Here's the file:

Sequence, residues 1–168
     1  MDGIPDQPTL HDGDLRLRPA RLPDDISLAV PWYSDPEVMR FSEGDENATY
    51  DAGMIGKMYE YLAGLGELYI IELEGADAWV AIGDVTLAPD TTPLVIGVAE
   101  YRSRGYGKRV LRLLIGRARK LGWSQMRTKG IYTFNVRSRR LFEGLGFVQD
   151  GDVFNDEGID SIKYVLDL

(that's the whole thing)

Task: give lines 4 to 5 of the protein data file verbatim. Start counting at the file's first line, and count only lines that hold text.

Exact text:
   101  YRSRGYGKRV LRLLIGRARK LGWSQMRTKG IYTFNVRSRR LFEGLGFVQD
   151  GDVFNDEGID SIKYVLDL